Amor is the creation of millionaire Al Copeland, the New Orleans restaurateur and founder of the Popeyes Chicken empire. Copeland owned the previous dining concept in this spot, the Cajun-inspired Copeland's of New Orleans, with former Kansas City Chiefs star Neil Smith. Smith and Copeland are still partners in this new venture. (There's also an Amor Fiery Steakhouse in Ohio.) I wasn't sorry to see Copeland's of New Orleans go. The food was mediocre, and the interior décor was shockingly tacky. That's why I was stunned when I first walked into the refurbished space, which is now a dark, elegant, sexy dining room. Walls have been painted clay-red or adorned with mirrors, and the carpet is thick and beautiful.

On the night I dined with my friends Bob and Sara, we were wowed by the formality of the place; it's one of the snazziest dining venues on 119th Street. And one of the priciest. Dinners include both the buffet and the seemingly never-ending array of grilled meats and cost about $44 a person, not including beverage, dessert or gratuity. Clearly, it's not the place to take a light or picky eater. I suggested that Bob and Sara skip lunch on the day we arranged to meet for dinner. I wanted them to get my money's worth.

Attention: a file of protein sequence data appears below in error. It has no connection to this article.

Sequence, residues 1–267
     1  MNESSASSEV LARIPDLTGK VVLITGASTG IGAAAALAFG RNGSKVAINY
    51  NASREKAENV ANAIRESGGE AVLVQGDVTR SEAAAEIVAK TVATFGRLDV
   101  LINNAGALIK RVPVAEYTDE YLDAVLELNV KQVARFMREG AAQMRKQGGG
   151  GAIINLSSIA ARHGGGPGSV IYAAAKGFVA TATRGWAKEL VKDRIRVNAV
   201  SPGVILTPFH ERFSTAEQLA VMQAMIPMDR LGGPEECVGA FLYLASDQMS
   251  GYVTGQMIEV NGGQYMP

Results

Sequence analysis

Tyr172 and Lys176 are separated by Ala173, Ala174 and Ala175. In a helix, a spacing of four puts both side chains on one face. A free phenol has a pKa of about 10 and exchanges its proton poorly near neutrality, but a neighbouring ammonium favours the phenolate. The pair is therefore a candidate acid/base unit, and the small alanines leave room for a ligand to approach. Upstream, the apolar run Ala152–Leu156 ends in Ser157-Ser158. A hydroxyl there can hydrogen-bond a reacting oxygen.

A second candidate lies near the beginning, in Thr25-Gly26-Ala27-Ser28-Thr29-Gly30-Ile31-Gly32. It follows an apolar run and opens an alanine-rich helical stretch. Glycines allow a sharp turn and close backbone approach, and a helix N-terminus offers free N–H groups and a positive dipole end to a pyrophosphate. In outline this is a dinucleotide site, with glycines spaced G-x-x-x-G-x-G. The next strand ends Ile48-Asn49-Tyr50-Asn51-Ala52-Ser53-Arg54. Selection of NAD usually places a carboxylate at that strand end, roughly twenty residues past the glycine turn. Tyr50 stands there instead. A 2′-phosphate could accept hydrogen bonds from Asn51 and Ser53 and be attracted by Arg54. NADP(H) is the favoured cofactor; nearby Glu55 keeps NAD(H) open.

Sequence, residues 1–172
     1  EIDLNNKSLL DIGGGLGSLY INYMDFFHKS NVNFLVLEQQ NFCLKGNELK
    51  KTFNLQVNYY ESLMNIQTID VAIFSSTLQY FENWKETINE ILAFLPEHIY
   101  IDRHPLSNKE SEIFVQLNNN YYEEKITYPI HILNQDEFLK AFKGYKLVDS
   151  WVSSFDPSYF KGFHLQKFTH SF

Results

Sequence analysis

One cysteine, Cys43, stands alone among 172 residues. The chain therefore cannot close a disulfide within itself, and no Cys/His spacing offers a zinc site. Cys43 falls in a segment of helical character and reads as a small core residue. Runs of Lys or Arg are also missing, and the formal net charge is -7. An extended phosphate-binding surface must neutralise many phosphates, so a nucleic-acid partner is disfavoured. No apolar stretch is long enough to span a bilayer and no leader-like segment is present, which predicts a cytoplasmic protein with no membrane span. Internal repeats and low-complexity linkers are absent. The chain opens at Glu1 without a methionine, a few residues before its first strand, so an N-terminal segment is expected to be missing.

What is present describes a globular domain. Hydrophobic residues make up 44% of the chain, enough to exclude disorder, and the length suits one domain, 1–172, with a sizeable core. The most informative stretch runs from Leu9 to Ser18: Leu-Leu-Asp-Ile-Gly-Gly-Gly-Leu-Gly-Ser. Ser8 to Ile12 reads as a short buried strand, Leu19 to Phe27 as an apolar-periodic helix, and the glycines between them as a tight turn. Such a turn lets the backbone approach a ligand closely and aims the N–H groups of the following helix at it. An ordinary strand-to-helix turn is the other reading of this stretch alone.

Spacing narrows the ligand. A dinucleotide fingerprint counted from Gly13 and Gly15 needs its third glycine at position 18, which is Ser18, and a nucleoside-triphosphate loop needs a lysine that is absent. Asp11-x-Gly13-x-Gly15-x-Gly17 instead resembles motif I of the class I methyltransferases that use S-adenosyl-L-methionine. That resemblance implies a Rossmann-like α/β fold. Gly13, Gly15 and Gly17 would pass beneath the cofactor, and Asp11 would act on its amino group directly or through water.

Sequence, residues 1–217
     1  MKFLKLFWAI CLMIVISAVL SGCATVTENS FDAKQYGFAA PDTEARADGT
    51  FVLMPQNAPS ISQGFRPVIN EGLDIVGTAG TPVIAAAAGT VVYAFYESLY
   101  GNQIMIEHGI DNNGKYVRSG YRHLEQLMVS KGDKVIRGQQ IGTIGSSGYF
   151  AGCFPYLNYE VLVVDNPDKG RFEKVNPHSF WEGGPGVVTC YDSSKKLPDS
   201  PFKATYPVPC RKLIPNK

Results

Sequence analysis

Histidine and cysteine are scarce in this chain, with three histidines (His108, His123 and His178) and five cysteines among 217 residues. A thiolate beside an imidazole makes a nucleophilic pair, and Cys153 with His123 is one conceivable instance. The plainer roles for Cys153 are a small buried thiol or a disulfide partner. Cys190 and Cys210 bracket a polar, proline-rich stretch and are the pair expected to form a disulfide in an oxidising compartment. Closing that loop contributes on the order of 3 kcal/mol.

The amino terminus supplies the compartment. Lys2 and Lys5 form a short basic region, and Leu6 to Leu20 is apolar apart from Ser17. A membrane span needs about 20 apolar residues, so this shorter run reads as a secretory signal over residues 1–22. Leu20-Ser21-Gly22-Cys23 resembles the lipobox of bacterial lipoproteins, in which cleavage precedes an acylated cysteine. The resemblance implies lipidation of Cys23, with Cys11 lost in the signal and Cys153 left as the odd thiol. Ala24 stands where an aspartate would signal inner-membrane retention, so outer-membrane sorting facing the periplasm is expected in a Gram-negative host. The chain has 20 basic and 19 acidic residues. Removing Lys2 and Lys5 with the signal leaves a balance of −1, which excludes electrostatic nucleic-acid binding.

One of the managers described the attractively presented buffet items to me as a "salad extravaganza." It's something extravagant, all right, straight out of the age of Louis XV, with an over-the-top floral display, silvery tureens filled with soup (an excellent, wildly rich lobster bisque on one of my visits), steamed white rice and feijoada (the black-bean concoction that's the national dish of Brazil). Bob said he preferred the cold-buffet selection at Em Chamas, though I saw a lot of similar dishes: pepper-dusted slices of raw tuna, hearts of palm, fresh fruit and the delicious salpicao, or cold chicken salad made with ribbons of red and green peppers. Bob and Sara heaped their plates with cold shrimp, slices of focaccia and milky mozzarella with fresh tomatoes. Before we had finished nibbling on all of this, the server brought out the traditional side dishes to accompany the meats: puffy wedges of fried sweet polenta and a bowl of garlic mashed potatoes.